Buyers in these markets can now choose from an unprecedented 40 models, almost matching the performance brand’s home market. Notable absentees are the estate versions or “station wagons”, all of which have become swear-words in SUV-mad southern Africa.

This new 43-series makes up a sizable chunk of the local AMG offerings with the Mercedes-derived 3-litre Bi-Turbo petrol V6 appearing in the C-Class coupé and sedan, four-door E-Class, SLC as well as the hugely popular GLC and GLE SUV’s and coupés. Only available in conjunction with 4 Matic, the high-tech motor spits out maximums of 270kW or 520Nm in everything except the E43; where it delivers 295kW. That very model – a pearl black Mercedes-AMG E43 press demonstrator – was my first introduction to this engine.

First introductions

Technically, I initially met my ’98 C-Class on New Year’s Day 2015, almost two years before buying it. Back then, on that boiling hot Namibian summer day, I couldn’t believe my eyes. A real C43. In Africa. The owner had just imported it with a fine collection of dents and scratches, quite a bit of mileage and that dreaded tin worm – rust. No matter, I desperately wanted the car and exchanged contact details with the good man; only to never hear from him again.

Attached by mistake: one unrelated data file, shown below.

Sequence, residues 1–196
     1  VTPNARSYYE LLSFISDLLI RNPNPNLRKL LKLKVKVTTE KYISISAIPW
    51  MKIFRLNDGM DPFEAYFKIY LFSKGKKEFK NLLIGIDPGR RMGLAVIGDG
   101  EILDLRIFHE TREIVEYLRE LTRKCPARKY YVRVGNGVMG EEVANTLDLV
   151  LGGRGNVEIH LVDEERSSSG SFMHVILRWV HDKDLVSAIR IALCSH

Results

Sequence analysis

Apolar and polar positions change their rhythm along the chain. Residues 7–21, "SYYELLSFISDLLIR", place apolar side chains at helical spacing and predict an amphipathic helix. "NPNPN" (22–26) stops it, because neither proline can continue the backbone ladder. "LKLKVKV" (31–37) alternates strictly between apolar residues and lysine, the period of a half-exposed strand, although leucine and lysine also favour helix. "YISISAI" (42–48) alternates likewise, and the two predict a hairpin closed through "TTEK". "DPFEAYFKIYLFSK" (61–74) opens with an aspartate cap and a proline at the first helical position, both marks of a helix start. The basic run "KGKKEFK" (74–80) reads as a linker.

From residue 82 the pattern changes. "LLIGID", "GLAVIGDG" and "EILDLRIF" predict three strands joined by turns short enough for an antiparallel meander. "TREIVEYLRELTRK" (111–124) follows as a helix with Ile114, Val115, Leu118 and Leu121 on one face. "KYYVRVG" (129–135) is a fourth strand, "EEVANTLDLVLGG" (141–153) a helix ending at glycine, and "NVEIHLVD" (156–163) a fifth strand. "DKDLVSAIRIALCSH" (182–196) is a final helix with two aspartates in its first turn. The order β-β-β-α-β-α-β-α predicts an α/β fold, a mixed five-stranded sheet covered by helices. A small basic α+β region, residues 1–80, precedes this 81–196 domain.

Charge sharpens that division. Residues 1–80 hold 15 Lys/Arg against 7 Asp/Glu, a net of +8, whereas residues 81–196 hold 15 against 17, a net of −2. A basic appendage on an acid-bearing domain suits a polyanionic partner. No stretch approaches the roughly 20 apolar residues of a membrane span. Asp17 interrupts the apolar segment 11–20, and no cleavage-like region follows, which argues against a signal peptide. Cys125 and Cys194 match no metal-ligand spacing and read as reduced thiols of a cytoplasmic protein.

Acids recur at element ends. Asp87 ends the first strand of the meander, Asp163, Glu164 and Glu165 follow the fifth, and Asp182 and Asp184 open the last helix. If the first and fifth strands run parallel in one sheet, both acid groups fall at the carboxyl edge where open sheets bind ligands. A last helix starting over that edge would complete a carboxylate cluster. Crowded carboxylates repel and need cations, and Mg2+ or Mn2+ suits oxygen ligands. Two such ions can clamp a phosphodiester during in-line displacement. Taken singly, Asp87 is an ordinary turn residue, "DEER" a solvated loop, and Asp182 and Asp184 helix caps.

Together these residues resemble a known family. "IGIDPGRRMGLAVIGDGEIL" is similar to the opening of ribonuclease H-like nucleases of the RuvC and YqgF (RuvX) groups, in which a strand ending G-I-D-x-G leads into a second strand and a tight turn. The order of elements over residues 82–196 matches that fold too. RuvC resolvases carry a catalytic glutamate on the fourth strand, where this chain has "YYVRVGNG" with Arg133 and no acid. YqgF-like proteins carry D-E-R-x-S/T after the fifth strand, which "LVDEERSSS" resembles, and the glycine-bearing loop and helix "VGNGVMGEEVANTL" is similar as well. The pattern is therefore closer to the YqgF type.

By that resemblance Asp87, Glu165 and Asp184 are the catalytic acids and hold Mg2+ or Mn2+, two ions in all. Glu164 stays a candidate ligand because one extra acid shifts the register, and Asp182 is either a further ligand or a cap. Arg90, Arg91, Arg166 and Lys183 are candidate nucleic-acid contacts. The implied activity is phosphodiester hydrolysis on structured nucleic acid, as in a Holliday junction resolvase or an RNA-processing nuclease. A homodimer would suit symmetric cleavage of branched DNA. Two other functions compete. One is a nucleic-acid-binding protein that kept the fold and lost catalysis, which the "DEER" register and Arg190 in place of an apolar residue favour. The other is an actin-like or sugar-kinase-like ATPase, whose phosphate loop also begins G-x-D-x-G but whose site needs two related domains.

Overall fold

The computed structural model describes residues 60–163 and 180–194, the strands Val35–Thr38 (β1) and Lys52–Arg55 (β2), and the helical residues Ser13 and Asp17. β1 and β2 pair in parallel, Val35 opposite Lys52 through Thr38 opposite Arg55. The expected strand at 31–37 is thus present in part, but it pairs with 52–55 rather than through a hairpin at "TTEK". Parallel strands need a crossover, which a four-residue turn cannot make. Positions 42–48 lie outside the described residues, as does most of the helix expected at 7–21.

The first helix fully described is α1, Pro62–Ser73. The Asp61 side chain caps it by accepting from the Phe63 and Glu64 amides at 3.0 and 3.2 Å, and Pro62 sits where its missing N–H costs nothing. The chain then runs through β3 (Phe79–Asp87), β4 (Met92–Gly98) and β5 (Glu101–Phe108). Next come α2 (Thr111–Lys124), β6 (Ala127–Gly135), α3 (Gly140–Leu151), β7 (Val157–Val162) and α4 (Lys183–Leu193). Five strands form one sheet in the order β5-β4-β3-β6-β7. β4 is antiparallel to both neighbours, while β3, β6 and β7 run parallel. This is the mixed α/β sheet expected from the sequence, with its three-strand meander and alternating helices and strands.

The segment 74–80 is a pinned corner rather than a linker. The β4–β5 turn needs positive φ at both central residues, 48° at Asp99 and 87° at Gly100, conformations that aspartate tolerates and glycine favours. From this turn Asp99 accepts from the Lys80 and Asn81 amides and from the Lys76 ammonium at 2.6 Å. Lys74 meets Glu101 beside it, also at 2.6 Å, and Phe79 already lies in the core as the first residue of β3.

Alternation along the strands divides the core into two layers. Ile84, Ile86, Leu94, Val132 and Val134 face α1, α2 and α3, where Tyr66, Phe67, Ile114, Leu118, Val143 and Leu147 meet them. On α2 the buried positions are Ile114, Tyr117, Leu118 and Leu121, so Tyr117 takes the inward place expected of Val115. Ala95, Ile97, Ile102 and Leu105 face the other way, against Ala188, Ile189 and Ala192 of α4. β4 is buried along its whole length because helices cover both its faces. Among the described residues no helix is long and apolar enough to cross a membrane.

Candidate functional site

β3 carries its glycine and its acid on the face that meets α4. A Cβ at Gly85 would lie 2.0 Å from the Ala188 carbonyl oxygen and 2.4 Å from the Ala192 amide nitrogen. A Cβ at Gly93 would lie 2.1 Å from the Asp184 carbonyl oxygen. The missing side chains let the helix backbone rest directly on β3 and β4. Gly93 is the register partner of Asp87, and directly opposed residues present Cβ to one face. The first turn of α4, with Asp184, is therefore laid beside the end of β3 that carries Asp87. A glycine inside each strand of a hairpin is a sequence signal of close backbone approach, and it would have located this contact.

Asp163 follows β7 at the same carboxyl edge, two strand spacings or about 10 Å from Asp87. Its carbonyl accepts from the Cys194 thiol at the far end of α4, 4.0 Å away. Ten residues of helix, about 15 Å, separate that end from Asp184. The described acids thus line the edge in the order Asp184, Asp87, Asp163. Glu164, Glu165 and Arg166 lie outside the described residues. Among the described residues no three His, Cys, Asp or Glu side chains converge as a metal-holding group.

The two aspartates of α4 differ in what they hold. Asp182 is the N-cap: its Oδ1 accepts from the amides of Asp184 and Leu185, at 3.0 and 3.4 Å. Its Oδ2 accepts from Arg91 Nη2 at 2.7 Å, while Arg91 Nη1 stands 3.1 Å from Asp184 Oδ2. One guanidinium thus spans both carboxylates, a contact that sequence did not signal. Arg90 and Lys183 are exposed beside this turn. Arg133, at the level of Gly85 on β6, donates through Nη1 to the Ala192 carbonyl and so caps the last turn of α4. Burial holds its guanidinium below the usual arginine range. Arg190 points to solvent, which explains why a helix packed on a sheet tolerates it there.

A few months after first seeing the W202 I gave the owner a hopeful call and learnt that he had sold it to a friend. Gutted. Utterly devastated. My better half will testify that I was misery personified for quite some time because nothing is more heart-wrenching than having a unicorn within your grasp and losing it.

Noise button

Ironically, my track record with modern AMG’s tends to be similar. In that whirlwind world of press cars, the popularity and power of these sports car slayers guarantees that the occasional booking is crossed out with “damaged” as a foot note. Happily, the new ‘43 I piloted for a week arrived in one piece but it was already sporting two different makes of tyres at 6,000km (3,700 miles).

It also produced some dashboard creaks in the first few yards of driving, which didn’t exactly make me feel patriotic as all right-hand-drive C-Classes since the W203 are assembled in South Africa. AMG engines are sent as complete units from Germany. Further initial gripes were a rather firm ride, no seat-belt butlers (optional extra), too many gears and a rather uninspiring exhaust note.

Starchy nature

While I’m dishing out critique, I have to lay into the W202’s overarching stodgy feel. Compared to the nimble C205 it feels like you’re piloting a ton of bricks. On the upside, it also appears to age like a cube of masonry because a few rattles and two squeaky seats are all that this car has come up with after an indicated 157,000 miles. As a former 202 disciple, I also find a comforting feel of solidity in the starchy nature of these cars. The 43 model adds a harder ride and almost solid tyres to the mix.